Describing the recent racial upset in Xian as a chance event, several Japanese and Chinese students in Beijing say they try to get along despite major gaps in their understanding of World War II, which textbooks and media portray differently on the two sides of the East China Sea.

Japanese students, about 14,500 of whom are studying language and culture at Chinese colleges, grow up learning that 1937-1945 as a “war in” or an “entry into” China that is covered in three pages of a textbook, although some texts suggest Japan made a mistake.

Chinese students, on the other hand, learn from elementary school on that Japan “invaded” China, “massacred” its citizens and that people back in Japan were unaware of what was going on. Media remind the Chinese almost daily of events from the past.

But because Japan and China share aspects of culture, language and a sense of beauty, people in their late teens and early 20s say they are ready to move on, despite a persistent shadow of mistrust.

They live on the same campuses, though in separate dormitories, at most major Chinese universities and in some cases attend class together.

Although Chinese complain of a social distance from their Japanese classmates, they say relations are normally warm enough to head off incidents such as the Oct. 29-31 Xian incident, which started with a lewd performance at a party by Japanese students and ended with protests and incidents of violence by Chinese students.

Yang Fan grew up in the 1980s in Shandong Province on illustrated texts that left her “outraged,” because she was taught Japan never apologized for the war. But she also realized the Chinese texts were one-sided and she is optimistic about the future.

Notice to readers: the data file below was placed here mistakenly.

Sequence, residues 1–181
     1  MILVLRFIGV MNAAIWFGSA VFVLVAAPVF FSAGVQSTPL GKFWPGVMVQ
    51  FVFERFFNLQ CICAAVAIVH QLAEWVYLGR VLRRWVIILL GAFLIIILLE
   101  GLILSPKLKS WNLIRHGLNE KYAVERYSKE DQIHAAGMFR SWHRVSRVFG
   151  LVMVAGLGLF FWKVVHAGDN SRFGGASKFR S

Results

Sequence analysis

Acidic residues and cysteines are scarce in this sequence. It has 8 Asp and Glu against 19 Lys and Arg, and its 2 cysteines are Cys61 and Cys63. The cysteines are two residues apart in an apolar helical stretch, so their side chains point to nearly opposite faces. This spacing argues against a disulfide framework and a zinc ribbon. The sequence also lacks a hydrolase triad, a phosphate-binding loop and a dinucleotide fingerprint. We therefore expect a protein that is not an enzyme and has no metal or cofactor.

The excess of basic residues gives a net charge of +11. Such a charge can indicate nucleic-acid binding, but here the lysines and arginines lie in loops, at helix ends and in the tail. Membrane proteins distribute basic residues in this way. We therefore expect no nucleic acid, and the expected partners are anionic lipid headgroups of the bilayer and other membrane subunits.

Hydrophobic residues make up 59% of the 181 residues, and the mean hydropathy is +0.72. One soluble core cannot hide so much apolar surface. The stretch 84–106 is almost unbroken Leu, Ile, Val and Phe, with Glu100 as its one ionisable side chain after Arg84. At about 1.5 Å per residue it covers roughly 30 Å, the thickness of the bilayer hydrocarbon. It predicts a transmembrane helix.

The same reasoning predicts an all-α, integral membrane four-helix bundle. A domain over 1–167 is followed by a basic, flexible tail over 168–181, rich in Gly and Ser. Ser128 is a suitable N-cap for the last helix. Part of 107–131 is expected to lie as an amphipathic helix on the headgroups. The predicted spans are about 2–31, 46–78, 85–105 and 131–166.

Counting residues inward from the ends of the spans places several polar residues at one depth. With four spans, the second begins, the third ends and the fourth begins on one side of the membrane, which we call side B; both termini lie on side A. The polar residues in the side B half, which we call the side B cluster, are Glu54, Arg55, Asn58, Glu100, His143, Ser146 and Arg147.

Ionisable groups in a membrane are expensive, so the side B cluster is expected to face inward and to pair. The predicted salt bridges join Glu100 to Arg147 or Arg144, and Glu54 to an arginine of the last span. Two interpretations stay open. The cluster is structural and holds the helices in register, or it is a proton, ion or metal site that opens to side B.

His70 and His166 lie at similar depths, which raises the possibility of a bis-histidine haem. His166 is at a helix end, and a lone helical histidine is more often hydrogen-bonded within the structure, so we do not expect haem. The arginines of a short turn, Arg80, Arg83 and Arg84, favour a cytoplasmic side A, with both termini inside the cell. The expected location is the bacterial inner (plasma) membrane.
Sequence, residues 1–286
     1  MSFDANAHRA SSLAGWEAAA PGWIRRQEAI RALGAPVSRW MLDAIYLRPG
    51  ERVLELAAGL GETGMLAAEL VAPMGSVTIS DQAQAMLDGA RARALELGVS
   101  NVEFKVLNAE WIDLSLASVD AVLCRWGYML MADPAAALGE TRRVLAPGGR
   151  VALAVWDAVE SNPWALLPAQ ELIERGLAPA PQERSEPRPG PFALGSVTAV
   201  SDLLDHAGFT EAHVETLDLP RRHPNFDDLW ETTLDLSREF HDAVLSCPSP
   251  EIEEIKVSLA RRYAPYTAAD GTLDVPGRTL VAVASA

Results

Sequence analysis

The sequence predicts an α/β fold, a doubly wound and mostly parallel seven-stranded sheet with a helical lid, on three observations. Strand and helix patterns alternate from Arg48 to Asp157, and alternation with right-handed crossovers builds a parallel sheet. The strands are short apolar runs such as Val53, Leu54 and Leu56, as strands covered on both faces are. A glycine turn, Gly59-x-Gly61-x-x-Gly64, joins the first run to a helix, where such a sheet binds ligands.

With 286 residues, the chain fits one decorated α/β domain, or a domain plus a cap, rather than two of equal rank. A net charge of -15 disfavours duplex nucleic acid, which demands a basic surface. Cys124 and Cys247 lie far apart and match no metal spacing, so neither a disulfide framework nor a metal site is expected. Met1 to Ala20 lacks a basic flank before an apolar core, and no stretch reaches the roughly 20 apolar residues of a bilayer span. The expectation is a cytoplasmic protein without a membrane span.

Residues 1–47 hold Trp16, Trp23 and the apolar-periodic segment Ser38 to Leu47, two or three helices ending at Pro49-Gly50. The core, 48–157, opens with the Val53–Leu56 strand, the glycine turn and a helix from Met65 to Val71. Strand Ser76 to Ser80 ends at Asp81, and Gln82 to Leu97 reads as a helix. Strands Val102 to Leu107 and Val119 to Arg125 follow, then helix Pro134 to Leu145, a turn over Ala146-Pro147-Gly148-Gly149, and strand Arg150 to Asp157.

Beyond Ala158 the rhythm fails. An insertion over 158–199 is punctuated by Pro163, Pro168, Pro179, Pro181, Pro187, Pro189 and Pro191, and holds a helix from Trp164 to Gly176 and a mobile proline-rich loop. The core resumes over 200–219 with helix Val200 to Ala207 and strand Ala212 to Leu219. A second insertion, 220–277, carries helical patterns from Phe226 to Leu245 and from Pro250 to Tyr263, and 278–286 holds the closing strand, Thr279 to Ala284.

“History won’t have too much impact,” said Yang, now a fourth-year Beijing Industry University student. “History has passed. We can look ahead. We should communicate more.”

China Agriculture University first-year student Akinori Oshida remembers that textbooks from his schools in the Tokyo suburbs covered the war in just three pages and did not use the term “invasion.”

He compares Japan’s 1940s expansion to the British taking Hong Kong.

But he said Japanese who see themselves as better than the Chinese should know that Japanese kanji comes from written Chinese and that many arts enjoyed in Japan have Chinese origins.

Similarly, Chinese youngsters often say they appreciate Japan’s sense of beauty and its vision — expressed through everything from the Hello Kitty character to animated cartoons.

“China is Japan’s father and mother,” said Oshida, who plans to spend two years in China despite a chilling of relations with Chinese classmates after the Xian incident.

Tension also persists elsewhere.

Beijing Broadcasting University student Zhu Sihao’s neighbor is Japanese, and Zhu says they make an effort to get along but stay on good terms only by avoiding discussions of history.

“We have no special feelings for each other, so we don’t talk about these questions,” he said.

Zhu calls Chinese history texts “objective” in their World War II narratives but excessive in their discussion of “Japan resistance.”

Day-to-day media reminders about Japan keep tensions high, said Gao Hong, vice director of the politics department of the Chinese Academy of Social Sciences’ Institute of Japanese Studies. Although Japanese people’s views of the war differ and Japanese textbook publishers handle the period in different ways, reports in popular Chinese newspapers are broadly critical of Japan, he said.

Critics say the government attacks Japan to distract people from China’s own social and political problems.

Younger Japanese people have other reasons to distrust Chinese, said Yuri Imamura, one of about 50 Japanese students at Peking University.

She said Chinese immigrants in Japan, who are poorer than the Japanese and enter the country only to earn money, cause enough crime to make the Japanese suspicious.

“Their quality is lower. When there’s violence, it usually involves Chinese people,” Imamura said. “The impression I have from meeting (Chinese) people is stronger than from textbooks.”

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